The Talking Ape: How language evolved
by Robbins Burling (Oxford University Press, new ed. 2007): 304pp, £12.50 (pbk), ISBN 978 0 19 921403 7.
Reviewed by Caroline Petherick
When reading, did you ever wonder how to pronounce 'Ahem!' or 'Tut, tut, tut' or 'Aaaarrrgggh!!'?
Have you ever, when listening to foreigners speaking, found it hard to work out what they're saying – and then found, when they use precisely the same words but in a different way, that you understand easily?
Have you ever wondered why these things happen?
The answers are in this book. Robbins Burling explains the difference between language and the numerous (and tricky to spell!) types of noises that we utter – as do so many other animals – in order to communicate.
The author also dips into the way that the working of the human mind and language are interlinked, and explains how language, once started, would have developed – lexicon, grammar, syntax. And he investigates not just what we have done to language, but also what it has done to us as a species – the evolutionary advantage that has been conferred on us by our ability to use it.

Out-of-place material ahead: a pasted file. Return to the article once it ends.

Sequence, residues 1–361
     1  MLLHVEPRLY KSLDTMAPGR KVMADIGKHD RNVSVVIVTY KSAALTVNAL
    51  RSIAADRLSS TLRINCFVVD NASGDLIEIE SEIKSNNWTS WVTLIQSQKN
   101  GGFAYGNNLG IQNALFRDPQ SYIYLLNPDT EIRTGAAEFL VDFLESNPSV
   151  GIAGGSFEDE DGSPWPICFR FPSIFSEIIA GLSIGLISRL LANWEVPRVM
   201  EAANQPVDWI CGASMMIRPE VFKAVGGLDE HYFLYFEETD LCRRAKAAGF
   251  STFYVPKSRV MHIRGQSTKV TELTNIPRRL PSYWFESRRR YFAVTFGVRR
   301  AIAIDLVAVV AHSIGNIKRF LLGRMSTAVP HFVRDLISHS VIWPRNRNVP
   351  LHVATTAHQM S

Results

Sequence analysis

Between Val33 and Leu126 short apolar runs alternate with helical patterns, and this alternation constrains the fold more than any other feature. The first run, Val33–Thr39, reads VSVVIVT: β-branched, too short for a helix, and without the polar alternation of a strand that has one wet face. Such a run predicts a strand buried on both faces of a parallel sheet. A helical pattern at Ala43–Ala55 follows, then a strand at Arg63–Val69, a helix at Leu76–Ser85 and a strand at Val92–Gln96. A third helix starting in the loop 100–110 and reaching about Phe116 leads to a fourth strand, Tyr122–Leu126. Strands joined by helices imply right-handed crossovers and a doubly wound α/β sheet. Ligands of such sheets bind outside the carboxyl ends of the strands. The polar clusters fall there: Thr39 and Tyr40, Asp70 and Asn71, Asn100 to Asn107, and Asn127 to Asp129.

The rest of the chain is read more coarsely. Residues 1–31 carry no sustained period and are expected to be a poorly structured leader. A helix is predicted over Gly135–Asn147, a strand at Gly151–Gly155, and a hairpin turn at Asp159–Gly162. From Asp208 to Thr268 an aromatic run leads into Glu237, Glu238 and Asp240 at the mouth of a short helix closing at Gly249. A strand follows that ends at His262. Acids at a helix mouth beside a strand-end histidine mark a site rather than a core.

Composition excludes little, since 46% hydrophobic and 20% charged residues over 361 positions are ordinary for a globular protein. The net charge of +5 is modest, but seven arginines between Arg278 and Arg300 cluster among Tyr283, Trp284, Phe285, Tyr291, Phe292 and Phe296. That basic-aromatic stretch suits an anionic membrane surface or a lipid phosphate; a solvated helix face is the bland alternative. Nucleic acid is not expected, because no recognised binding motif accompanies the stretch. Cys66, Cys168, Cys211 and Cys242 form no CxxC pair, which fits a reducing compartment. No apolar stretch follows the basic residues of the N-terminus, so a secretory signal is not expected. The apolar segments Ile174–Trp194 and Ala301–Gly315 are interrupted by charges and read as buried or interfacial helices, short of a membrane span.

But what he can't do – for me, maddeningly! – is give much more than a very hazy idea or two of how we might have moved on from communicating via sounds and body language to using words. He includes some intriguing thoughts in connection with music and chanting, and explains (oh joy!) the bow-wow, pooh-pooh, tra-la-la and yo-heave-ho theories. But he is frank in admitting that he doesn't know how it happened: 'The scenario is too speculative to be regarded as a solution to the problem of just how audible language became dominant [over visual], so … I will have to finesse the problem. … This is considerably less than satisfactory, but is the best that seems possible just now.'
There we go. Despite this, if you're interested in finding out more about not just the evolution of language itself but also the 85% of human communication that underlies our words, you're likely to enjoy this book a lot.